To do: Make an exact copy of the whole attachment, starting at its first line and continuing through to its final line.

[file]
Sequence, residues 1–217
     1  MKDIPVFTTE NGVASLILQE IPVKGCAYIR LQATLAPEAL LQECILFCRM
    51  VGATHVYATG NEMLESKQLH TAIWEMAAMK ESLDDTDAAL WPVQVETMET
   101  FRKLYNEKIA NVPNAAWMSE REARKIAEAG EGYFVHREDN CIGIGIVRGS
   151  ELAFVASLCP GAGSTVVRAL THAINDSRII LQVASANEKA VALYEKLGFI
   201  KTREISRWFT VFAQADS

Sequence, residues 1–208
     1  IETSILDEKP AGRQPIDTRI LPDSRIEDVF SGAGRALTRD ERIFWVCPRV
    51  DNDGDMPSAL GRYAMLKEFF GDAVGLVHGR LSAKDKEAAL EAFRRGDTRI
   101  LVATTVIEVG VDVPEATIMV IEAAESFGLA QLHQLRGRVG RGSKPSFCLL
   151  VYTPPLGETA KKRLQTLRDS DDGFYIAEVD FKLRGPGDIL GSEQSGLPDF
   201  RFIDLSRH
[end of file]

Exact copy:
Sequence, residues 1–217
     1  MKDIPVFTTE NGVASLILQE IPVKGCAYIR LQATLAPEAL LQECILFCRM
    51  VGATHVYATG NEMLESKQLH TAIWEMAAMK ESLDDTDAAL WPVQVETMET
   101  FRKLYNEKIA NVPNAAWMSE REARKIAEAG EGYFVHREDN CIGIGIVRGS
   151  ELAFVASLCP GAGSTVVRAL THAINDSRII LQVASANEKA VALYEKLGFI
   201  KTREISRWFT VFAQADS

Sequence, residues 1–208
     1  IETSILDEKP AGRQPIDTRI LPDSRIEDVF SGAGRALTRD ERIFWVCPRV
    51  DNDGDMPSAL GRYAMLKEFF GDAVGLVHGR LSAKDKEAAL EAFRRGDTRI
   101  LVATTVIEVG VDVPEATIMV IEAAESFGLA QLHQLRGRVG RGSKPSFCLL
   151  VYTPPLGETA KKRLQTLRDS DDGFYIAEVD FKLRGPGDIL GSEQSGLPDF
   201  RFIDLSRH